Sabri says there are no remnants prov­ing the Jewish claim that a Jewish Temple stood on the site. This mindset goes along with the new “history” that says accounts of the first and second Temples are noth­ing but lies fabricated by the Jews. In pub­lic discourse among Arabs, participants regularly add the word al-maz’um—that is, “the presumptive” or “fabricated”­—when referring to the Jewish Temple.

Recently appearing on the Internet site of the northern branch of the Islamic Movement was an article in which Egyptian archaeologist Abed al-Rahim Rihan Barakat, manager of the archaeological site at Dahab in Sinai, wrote, “The myth of the fabricated Temple is the greatest crime of historical forgery.”

There is also a fatwa (Islamic ruling) on the Internet site of the Waqf in Jerusalem that states neither David nor Solomon nor Herod built any Jewish Temples; rather, they repaired some­ thing that had been there since the time of Adam. In line with that  fatwa is Mufti Sabri’s statement to me on Day of Discovery, claiming the Al-Aqsa Mosque dates all the way back to the time of Adam and the Garden of Eden. The mufti’s statement about the con­nection of Al-Aqsa Mosque and the Garden of Eden is, I believe, at the heart of the present-day controversy surrounding the Temple Mount. For thousands of years the Jewish tradition has been that the stone under the gold­ domed Dome of the Rock is the “Foundation Stone,” the location of the creation of Adam by the Lord.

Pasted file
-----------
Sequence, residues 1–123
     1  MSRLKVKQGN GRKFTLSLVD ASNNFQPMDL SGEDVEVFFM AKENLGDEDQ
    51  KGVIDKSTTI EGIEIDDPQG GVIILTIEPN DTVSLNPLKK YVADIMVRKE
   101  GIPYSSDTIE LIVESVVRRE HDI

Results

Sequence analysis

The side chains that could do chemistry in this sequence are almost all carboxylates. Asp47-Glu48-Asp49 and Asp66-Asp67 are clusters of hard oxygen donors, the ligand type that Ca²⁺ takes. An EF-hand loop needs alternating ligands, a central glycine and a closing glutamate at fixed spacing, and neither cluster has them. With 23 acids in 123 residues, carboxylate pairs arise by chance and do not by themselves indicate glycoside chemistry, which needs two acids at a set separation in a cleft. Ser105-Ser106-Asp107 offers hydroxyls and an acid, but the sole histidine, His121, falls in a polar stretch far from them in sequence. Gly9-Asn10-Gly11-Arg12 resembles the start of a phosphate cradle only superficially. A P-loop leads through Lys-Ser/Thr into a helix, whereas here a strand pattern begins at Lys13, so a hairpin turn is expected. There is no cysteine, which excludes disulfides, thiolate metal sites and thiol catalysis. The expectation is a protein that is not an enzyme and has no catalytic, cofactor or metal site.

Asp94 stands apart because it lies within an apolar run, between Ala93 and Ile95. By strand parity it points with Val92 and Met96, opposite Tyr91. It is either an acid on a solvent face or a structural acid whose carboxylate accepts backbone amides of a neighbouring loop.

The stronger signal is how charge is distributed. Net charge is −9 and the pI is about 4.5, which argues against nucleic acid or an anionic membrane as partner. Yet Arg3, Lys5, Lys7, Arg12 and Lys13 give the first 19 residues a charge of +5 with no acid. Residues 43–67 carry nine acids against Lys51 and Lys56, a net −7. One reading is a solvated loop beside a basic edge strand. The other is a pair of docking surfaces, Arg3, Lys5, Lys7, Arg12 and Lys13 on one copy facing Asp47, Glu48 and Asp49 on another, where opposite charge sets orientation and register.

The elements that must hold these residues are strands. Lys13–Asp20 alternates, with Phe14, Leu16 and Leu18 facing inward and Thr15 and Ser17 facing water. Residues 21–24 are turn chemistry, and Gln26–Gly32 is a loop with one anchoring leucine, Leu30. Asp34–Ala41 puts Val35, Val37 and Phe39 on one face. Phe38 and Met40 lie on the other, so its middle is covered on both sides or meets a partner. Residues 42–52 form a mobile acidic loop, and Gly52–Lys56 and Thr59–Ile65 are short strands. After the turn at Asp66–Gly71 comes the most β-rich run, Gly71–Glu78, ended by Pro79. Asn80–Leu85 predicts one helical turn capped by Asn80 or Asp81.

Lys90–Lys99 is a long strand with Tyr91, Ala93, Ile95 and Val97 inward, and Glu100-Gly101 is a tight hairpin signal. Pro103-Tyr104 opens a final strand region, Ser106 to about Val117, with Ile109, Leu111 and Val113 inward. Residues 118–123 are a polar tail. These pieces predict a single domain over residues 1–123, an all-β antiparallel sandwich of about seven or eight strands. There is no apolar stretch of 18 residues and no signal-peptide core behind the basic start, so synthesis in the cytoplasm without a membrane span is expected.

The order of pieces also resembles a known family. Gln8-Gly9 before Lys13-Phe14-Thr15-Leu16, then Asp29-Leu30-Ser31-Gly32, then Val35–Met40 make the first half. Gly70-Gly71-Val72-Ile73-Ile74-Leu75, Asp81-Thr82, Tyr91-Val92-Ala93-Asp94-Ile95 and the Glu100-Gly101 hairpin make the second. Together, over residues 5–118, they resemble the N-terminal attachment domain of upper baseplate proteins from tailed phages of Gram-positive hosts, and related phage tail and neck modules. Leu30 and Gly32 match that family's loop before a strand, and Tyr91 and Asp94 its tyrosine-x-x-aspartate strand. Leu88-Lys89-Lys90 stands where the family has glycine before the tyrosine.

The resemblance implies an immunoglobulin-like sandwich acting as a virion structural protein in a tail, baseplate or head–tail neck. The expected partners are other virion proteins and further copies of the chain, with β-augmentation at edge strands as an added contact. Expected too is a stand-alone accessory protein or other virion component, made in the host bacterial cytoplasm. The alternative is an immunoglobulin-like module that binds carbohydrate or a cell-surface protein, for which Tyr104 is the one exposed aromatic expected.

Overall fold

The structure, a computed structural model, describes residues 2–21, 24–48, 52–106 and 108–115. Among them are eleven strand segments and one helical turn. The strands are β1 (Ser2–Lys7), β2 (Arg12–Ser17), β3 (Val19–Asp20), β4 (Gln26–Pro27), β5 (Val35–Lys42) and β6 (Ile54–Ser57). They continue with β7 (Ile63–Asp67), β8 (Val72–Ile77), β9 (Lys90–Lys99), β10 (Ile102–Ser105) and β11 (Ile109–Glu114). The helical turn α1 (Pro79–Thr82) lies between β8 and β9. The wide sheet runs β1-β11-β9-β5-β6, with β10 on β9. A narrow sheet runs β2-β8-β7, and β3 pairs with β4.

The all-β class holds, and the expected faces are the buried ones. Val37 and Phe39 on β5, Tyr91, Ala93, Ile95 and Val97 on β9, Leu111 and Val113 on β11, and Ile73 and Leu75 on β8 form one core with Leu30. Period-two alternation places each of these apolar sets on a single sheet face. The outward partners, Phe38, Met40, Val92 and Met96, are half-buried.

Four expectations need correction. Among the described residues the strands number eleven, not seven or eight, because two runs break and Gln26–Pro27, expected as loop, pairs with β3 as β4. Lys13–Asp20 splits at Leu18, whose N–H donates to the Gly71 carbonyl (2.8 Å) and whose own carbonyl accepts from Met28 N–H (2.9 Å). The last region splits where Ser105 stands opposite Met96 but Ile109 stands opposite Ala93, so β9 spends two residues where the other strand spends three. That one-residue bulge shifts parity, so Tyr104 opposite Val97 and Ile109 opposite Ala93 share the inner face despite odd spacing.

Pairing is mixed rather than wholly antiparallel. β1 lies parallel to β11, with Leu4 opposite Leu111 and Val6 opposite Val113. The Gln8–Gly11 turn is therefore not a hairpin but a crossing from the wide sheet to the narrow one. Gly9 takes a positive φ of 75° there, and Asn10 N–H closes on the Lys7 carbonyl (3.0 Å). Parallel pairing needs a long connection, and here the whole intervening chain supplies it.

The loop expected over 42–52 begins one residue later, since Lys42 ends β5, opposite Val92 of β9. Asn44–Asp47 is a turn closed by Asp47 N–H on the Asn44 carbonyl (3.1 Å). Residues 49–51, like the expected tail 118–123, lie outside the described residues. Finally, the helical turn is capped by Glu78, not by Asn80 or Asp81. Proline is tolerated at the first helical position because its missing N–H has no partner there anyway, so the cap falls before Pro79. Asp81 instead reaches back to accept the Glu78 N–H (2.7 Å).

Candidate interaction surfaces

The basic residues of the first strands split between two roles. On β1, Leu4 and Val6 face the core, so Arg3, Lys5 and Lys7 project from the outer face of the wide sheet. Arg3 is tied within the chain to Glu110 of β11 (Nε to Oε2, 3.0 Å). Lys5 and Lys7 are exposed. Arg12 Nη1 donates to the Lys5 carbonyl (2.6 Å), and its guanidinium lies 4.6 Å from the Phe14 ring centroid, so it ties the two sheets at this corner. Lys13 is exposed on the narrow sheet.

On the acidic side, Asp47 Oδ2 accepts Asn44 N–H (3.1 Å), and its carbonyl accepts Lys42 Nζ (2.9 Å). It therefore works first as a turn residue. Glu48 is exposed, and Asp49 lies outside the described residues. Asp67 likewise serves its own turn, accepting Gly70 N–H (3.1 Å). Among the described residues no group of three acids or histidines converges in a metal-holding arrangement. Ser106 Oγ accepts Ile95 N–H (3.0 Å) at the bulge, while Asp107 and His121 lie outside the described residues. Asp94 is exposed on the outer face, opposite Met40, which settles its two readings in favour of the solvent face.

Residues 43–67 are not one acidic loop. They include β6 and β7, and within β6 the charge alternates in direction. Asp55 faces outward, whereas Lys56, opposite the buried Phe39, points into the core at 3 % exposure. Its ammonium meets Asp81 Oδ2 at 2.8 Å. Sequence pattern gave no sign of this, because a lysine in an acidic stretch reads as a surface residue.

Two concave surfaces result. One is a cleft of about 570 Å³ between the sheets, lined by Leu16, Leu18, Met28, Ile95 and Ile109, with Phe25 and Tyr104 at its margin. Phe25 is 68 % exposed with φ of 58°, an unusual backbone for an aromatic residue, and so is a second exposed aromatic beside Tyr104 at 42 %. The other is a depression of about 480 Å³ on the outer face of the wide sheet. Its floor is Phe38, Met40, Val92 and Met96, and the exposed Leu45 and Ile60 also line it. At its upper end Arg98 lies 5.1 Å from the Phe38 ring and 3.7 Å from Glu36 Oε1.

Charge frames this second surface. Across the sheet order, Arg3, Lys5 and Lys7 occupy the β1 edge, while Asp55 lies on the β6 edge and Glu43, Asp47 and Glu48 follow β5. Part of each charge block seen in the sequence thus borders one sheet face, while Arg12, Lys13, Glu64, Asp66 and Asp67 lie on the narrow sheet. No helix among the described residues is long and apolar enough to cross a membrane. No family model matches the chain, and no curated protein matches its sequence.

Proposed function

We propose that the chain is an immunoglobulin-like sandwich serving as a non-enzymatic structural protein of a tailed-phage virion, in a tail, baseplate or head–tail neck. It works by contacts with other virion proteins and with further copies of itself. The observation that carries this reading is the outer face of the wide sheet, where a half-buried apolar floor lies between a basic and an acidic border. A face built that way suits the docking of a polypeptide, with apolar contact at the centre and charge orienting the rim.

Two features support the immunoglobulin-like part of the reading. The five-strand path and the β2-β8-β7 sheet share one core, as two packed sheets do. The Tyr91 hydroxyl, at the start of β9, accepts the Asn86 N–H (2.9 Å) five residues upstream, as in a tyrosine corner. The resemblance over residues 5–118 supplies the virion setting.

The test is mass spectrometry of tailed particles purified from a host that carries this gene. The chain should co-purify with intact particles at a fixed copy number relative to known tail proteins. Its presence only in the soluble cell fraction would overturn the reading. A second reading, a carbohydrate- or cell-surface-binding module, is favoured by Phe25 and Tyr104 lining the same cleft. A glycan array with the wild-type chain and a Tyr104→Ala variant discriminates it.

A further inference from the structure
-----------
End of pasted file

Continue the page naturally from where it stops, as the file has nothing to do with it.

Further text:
Thus the tradition of many religious Jews is that the original site of the Garden of Eden is what we know today as the Temple Mount. In a conversation I had with Rabbi Chaim Richman, who is involved with the Temple Institute and its efforts to rebuild the Temple on the Temple Mount, Rabbi Richman made what to me was a compelling case for his contention that the Garden of Eden was located there some 6,000 years ago. It begins with a study of the words holy mountain in the Old Testament.

That phrase is used 18 times in the Bible. In Ezekiel 28:14, 16 that phrase and mountain of God refer to the Garden of Eden in its context. The other 16 times the phrase refers to the Temple Mount in Jerusalem (i.e., Dan. 9:16, 20). A close study leads some of us to believe that the Temple Mount is indeed the site of the Garden of Eden.

Thus this spot is sacred to Jews, Muslims, and Christians.

God choose the Temple Mount for the House where His Son, Jesus Christ, will dwell forever among His people, the Jewish people. That Temple will be built by Jesus Himself (Zech. 6:12) when He returns to the earth at His Second Coming. Until then, the Temple Mount will remain a center of  controversy and conflict as Jews and Muslims battle for its control.

There is only one solution: the return of Jesus Christ to claim His rightful ownership of the location for His eternal reign.